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Entrepreneur Interview: Michael Hartofilis, Greenlight Energy

Entrepreneur Interview: Michael Hartofilis, Greenlight Energy

What does your company do?

Greenlight Energy is an alternative energy supplier, providing natural gas, electricity and renewable energy options to over 20,000 customers in New York, New Jersey and Maryland.

Was there a specific turning point when you realized your business was moving to the next level?

After we raised enough capital to take on our first few employees for administrative duties and customer support, I was afforded with the time to kind of look more at the big picture and confirm that we were a well-oiled machine and ready to expand our reach.

What processes or procedures have you implemented that have helped you grow your company?

I’d say, in general, it’s really about locating valuable contributors that you trust executing certain duties you may have previously handled yourself.  We’ve built a really impressive, productive, and trustworthy staff.  These are good, kind people, and I think we’ve begun to operate almost more like a family.  I think that’s important in any endeavor, because you become accountable to each other, and nobody wants to let anyone else down.  So, we do have numerous online processes, software and protocols that we constantly implement and evaluate in order to be more efficient.  But what I’ve found is that it’s more about tone you set, or the spirit of the environment you create, that inspires and allows people to succeed.

What are some of the best marketing strategies that have worked for your business?

We find our focus shifting more and more to direct marketing, which may sound a bit traditional, but the proof is in the pudding.  There’s no better way to connect with a prospect, or any individual even outside of a business context, than to communicate face-to-face.  This technique, perhaps counterintuitively, proves more and more valuable as people move away from interpersonal connections and our world becomes digital.  We are hardwired as humans to relate most effectively on a physical, personal level, so we find that customers appreciate and respond to that approach.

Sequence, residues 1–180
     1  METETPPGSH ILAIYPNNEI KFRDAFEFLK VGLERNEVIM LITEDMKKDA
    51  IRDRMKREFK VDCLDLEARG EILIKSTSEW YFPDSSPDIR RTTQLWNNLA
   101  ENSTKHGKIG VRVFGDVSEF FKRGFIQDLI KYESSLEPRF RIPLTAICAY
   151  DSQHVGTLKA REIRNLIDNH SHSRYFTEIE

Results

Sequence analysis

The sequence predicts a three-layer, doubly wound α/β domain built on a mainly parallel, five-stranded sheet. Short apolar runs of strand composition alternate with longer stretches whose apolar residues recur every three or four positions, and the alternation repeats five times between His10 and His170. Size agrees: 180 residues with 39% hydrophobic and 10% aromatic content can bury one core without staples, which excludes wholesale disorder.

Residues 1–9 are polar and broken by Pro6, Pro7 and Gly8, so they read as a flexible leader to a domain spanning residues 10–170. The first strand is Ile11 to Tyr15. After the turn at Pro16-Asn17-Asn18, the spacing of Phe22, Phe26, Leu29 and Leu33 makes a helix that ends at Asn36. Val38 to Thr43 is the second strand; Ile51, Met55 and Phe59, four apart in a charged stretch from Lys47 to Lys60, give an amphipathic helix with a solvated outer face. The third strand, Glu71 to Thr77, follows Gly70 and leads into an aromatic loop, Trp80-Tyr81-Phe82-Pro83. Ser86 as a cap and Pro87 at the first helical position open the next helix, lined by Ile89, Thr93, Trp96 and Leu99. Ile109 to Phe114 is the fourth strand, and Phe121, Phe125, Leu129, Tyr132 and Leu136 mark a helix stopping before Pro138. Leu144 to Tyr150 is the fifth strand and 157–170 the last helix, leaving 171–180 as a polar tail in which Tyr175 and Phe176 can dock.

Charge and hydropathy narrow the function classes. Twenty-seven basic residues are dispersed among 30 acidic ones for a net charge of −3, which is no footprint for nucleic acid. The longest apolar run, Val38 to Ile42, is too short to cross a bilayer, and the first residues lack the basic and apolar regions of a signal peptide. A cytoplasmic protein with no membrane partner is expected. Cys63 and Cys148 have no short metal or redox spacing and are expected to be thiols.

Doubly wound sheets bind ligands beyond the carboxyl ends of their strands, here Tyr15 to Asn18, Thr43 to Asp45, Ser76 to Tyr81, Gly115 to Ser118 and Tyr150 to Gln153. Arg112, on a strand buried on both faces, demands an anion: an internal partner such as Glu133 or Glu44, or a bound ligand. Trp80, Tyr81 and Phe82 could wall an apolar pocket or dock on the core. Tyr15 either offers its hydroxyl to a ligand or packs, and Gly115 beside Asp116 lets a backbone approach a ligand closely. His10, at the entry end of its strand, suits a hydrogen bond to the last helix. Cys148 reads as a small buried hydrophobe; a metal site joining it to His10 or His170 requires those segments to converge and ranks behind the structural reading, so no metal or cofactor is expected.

How have you leveraged the internet to grow your business?

If I am approached by any company or product, one of the first things I do is Google them.  If they don’t appear to have a legitimate website, then that could put me off the product.  There’s no reason to think every prospective customer we approach doesn’t have the same idea.  For that reason, we find it important to invest in our site and some search engine optimization (SEO), and we’re exploring and emphasizing that landscape now and learning a great deal.  In short, it’s always good to be learning and staying hungry to learn more.  As many know, there are more lessons found in mistakes than successes.  It’s our goal to embrace mistakes as opportunities, and to learn and grow stronger with every step.

What is most rewarding about running your business?

Sharing my success with 20 other people and vice versa.  There is, of course, added pressure when you’re responsible for people’s livelihoods and, by extension, families, but that’s outweighed by the rewards.  I’m grateful to be in this position.

What challenges have you faced and how have you overcome them?